A Word On Same-Sex Marriage

This post may be somewhat controversial. That’s all the disclaimer you get.

As a Libertarian and a social conservative, I support same-sex marriage. Bet you didn’t see that coming. Let me explain that.

To begin with, I don’t believe anybody’s marriage is the government’s business. I don’t believe that government, at any level, has any business giving special perks to married people, regardless of the composition of the couple. Straight, gay, interracial, Martian, whatever. I don’t believe that married people should get government-sanctioned perks that single people don’t get.

But since they do, the socially conservative fall-back position — for me, anyway — is that the government shouldn’t get to say who can get married and who can’t.

It shouldn’t be any of their business, nor anybody else’s business.

The only time any governmental body, at any level, should have anything to say about any marriage is where there is clearly a non-consensual element. That isn’t happening with gay marriages, so it should be nobody’s business but the couple’s.

There you have it.

One comment

  • Your post here on the logic of not banning consensual adult behavior such as same-sex marriage, plus your later posts in your wordforge forum on, “Is it time for us to adopt the teachings of Surak? Or the real-world equivalent? (The world is a violent place, full of villains and ne’er-do-wells. Is it time that human beings, as a species, adopted Stoicism as a way of life to counteract the pandemic of violence?),” suggests you may be interested in checking out “pluralistic rationalism” and the first international society espousing it, The Circle of Reason. You can look either up on Wikipedia or at http://www.circleofreason.org. In its “About Us” section, COR describes what’s different vs. similar about the pluralistic (methodological) rationalism social movement and that of Stoicism or fictive “Vulcan logic plus IDIC.” The Wikipedia article may also indicate the difference between Pluralistic Rationalism and Objectivism — the former is methodological, espousing no required adherence to potentially arbitrary worldviews. Pluralistic rationalists thus believe that all of us, theist or atheist, conservative or liberal, share the human capacity to use reason — or to abandon it.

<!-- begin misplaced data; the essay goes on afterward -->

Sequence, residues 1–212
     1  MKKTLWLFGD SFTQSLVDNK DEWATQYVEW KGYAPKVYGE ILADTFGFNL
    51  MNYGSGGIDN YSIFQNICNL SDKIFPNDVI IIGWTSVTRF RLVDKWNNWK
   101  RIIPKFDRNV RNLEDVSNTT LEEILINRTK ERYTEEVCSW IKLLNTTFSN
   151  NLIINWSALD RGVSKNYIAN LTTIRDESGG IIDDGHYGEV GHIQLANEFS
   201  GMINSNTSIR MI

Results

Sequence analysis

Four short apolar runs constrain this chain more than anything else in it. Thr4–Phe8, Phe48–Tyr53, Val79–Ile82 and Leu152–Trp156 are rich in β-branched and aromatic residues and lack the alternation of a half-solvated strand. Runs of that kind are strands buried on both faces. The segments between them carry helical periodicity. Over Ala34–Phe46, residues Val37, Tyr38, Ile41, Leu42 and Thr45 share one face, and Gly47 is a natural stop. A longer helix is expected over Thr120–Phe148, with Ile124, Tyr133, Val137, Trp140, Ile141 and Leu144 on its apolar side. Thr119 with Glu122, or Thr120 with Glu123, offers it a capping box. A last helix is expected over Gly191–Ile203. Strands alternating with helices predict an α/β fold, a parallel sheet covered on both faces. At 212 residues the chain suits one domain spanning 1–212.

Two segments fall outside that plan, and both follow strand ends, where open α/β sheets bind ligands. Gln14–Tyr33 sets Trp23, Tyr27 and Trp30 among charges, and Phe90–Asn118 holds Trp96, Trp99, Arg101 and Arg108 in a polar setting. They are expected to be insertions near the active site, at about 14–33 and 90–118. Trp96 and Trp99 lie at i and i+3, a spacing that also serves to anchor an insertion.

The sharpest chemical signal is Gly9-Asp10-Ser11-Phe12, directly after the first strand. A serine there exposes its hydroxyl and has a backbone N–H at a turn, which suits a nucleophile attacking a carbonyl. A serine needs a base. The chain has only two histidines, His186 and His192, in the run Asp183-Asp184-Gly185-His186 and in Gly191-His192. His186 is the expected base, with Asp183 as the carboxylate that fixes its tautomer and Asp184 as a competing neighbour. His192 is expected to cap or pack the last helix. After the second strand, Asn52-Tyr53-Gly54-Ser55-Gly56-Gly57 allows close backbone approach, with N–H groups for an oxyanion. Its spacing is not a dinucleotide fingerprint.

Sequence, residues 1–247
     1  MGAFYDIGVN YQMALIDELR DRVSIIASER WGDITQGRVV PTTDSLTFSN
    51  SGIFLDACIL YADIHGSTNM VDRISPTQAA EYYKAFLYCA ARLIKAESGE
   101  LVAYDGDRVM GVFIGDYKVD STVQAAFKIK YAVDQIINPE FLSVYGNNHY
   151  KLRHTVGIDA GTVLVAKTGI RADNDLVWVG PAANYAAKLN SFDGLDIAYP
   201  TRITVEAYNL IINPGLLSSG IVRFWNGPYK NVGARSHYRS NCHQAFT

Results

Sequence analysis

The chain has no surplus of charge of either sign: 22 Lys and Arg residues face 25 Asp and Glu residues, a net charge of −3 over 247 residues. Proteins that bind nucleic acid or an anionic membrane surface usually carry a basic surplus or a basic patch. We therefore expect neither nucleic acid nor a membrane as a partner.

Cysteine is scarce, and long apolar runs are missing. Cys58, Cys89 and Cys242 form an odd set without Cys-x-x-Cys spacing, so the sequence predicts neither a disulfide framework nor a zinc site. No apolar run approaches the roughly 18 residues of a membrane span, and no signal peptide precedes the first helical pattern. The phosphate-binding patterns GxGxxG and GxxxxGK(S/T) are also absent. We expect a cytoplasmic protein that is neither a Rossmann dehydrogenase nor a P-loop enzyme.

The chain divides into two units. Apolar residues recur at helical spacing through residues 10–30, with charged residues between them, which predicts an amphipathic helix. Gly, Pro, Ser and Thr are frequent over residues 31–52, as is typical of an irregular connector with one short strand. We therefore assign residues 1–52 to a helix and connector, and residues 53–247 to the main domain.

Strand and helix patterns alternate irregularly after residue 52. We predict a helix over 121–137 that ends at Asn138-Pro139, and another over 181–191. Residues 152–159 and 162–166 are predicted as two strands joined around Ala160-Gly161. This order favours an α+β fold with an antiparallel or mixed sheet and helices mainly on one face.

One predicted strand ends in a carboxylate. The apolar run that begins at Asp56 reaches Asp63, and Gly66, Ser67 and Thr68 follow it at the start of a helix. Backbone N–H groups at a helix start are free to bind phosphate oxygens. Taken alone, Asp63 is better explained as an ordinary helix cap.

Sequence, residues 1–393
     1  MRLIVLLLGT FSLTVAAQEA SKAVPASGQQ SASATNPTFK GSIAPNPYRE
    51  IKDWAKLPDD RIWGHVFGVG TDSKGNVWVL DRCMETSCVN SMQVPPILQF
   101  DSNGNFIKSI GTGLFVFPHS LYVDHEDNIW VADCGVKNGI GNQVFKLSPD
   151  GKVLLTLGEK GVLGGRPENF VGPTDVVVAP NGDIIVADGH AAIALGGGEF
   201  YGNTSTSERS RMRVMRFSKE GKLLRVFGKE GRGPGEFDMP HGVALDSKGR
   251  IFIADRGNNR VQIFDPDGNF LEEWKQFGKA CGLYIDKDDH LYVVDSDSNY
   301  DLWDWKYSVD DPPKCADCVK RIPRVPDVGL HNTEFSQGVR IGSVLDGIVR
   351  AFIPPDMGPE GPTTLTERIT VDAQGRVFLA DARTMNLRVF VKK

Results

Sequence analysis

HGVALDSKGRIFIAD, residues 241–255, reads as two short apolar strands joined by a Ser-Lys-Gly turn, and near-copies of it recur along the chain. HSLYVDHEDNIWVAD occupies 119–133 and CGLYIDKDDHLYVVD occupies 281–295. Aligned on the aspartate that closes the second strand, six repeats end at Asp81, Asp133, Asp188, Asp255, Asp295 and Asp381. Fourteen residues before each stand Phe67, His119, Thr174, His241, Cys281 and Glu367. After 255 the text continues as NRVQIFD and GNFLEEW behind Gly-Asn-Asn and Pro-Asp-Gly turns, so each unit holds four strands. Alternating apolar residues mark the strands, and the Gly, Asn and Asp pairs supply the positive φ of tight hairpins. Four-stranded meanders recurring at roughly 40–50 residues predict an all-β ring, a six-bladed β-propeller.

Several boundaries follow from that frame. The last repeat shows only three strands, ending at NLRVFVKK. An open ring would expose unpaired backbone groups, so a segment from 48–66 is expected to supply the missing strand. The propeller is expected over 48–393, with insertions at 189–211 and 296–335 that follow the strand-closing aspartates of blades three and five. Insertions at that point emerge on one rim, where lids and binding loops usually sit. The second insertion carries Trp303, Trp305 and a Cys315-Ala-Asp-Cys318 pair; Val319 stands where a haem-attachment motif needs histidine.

Frank Burton


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